Translations of the Letters of a Hindoo Rajah (1796) by Elizabeth Hamilton is an epistolary novel composed of a series of letters written by Zaarmilla, the Hindoo Rajah of Almora, to his friend Kisheen Neeay Maandaara, and tells the story of what happens when the Rajah frees an English scholar, Percy, taken prisoner by the Afghans while researching “antiquities” in Hindoostan. Unfortunately Percy dies, but he elicits the Rajah’s interest in English culture, and, particularly, the Bible, so much so that, after meeting some of Percy’s English friends in India, he decides to travel to England in order to taste their culture directly. Bramin Sheermaal, another friend of Maandaara’s who has visited England, tries to persuade him not to go, since he thinks it is not at all the perfect place he imagines it to be. However, the Rajah resolves to go in spite of the warnings and in his letters from there he describes his experiences and impressions. The novel has been variously read by literary critics and historians. Some have underlined its well-masked feminist issues, others its ambiguous political and social concerns. This paper will particularly focus on the author’s engagement with imperialist discourse through the exploitation of a personally revisited – and admitted to women –fictional genre such as the novel. By creating a text which, in its form, achieves a miscegenation of genres and genders, Hamilton manages to explore the terrain of Orientalist discourse without directly contravening contemporary prescriptions as to women’s rights in the literary field. By means of subtle narrative strategies and ironic understatements she eventually conveys a political ideology which has at its core an essential idea of tolerance, concerning racial and sociological issues, as well as the philosophical conviction that human nature and, consequently, the structures of society, is always something fluid, subject to change and continuous, albeit paradoxical, shifts. Her assuming the perspective of the Hindoo Rajah writing letters from England involves a whole series of gender and narrative transgressions which allow Hamilton to deal with conventionally “masculine” subjects, yet also, unlike her contemporary Wollstonecraft, to eschew ridicule and censorship. She ventriloquises a man, thus she can legitimately confront certain issues forbidden to a woman’s pen, but at the same time, the readers know that she is always there behind her persona, and, despite the choice of a typically feminine genre, her confident voice emerges from the apparently innocuous narrative to challenge, though surreptitiously, the contemporary British establishment.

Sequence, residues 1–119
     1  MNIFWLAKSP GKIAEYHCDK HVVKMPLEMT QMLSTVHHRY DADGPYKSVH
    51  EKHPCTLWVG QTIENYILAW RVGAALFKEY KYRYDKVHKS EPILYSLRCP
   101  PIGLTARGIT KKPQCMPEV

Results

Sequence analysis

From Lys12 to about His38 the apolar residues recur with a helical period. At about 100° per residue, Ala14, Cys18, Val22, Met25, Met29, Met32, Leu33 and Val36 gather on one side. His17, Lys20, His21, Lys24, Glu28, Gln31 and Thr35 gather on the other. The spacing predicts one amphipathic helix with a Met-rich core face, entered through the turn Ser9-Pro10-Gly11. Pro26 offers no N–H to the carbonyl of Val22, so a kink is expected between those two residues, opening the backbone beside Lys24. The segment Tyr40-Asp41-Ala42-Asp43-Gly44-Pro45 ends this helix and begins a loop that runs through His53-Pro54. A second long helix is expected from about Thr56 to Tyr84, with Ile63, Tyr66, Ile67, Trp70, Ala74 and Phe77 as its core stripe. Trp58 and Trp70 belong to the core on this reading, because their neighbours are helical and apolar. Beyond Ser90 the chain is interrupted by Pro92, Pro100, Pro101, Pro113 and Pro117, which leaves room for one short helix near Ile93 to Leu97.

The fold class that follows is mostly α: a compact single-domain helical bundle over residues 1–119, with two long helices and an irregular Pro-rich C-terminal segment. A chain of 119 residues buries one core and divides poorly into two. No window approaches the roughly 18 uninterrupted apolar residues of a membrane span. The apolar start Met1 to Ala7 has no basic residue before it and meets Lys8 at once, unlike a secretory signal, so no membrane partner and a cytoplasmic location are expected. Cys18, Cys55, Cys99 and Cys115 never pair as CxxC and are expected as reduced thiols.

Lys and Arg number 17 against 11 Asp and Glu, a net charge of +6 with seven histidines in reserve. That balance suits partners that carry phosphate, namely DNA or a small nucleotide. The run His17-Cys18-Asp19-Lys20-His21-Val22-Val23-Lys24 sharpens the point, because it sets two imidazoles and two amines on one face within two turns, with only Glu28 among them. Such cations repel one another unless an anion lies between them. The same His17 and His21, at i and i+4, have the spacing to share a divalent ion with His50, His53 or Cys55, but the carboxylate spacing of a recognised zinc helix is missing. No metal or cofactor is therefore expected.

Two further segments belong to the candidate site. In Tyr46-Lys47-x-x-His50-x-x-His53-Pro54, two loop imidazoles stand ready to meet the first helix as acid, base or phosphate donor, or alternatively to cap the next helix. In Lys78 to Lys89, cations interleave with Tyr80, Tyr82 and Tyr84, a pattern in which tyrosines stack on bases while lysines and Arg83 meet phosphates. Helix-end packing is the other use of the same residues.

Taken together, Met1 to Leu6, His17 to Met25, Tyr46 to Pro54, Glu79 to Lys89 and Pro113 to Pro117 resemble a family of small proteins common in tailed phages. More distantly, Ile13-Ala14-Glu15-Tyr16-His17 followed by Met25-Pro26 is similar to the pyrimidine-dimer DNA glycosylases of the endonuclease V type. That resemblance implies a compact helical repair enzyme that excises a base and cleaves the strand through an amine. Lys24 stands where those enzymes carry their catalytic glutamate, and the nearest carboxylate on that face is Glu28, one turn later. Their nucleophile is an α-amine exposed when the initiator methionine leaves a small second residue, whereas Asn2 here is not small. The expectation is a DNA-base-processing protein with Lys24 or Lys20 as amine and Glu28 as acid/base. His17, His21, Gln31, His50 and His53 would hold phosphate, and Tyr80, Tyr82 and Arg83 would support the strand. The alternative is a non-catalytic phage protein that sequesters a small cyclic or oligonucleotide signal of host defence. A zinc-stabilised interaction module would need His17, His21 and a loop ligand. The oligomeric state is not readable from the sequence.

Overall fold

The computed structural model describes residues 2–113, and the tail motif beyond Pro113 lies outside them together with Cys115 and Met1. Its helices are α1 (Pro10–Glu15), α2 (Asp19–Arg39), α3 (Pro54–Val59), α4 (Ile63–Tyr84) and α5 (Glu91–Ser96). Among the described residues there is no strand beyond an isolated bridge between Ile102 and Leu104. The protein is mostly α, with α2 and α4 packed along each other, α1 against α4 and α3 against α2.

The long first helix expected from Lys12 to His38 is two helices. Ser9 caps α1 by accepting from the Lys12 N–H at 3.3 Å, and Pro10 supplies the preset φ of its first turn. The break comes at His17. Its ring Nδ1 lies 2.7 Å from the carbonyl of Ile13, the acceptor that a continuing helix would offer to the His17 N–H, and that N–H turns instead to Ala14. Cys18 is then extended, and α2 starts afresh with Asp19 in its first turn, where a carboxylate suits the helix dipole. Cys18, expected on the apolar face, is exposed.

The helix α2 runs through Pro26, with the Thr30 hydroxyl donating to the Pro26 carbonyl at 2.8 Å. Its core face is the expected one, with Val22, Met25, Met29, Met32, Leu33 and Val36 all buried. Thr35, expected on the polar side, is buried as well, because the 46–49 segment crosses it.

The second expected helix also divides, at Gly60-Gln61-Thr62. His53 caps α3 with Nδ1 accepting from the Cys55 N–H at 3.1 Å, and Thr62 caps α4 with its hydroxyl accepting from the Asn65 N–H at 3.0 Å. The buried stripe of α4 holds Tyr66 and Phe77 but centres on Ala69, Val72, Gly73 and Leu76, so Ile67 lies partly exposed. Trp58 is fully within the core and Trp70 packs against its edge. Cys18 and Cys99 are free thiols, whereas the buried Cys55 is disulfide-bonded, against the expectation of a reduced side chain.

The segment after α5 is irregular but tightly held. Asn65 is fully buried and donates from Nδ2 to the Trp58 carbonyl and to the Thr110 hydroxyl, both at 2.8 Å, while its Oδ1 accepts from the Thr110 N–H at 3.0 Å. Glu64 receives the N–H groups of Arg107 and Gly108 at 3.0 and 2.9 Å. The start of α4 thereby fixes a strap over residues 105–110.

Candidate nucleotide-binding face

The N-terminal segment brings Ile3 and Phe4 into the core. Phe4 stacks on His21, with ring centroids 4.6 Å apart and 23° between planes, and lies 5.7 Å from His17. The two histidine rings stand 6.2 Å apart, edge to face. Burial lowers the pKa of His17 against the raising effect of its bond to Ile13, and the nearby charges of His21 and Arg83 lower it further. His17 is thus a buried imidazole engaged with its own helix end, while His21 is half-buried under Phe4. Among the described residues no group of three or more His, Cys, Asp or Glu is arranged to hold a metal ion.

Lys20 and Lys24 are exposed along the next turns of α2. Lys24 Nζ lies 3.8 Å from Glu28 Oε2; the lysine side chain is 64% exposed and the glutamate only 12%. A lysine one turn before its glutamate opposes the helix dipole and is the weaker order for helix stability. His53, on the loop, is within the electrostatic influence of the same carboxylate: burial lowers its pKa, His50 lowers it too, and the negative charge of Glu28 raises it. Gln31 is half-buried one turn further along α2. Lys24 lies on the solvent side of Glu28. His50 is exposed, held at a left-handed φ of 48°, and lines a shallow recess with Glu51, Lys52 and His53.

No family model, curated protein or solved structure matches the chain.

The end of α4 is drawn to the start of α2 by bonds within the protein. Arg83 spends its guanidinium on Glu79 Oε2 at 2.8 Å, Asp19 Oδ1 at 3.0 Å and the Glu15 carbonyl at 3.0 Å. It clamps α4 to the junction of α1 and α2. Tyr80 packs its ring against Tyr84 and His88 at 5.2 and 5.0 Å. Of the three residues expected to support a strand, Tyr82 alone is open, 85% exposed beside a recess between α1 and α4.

Generic Hybridism and Narrative Ventriloquism in Elizabeth Hamilton’s Translations of the Letters of a Hindoo Rajah (1796) / Angeletti, Gioia. - In: LA QUESTIONE ROMANTICA. - ISSN 1125-0364. - 12/13-2002(2004), pp. 29-47.
|Tipologia ministeriale:||Articolo su rivista|
|Appare nelle tipologie:||1.1 Articolo su rivista|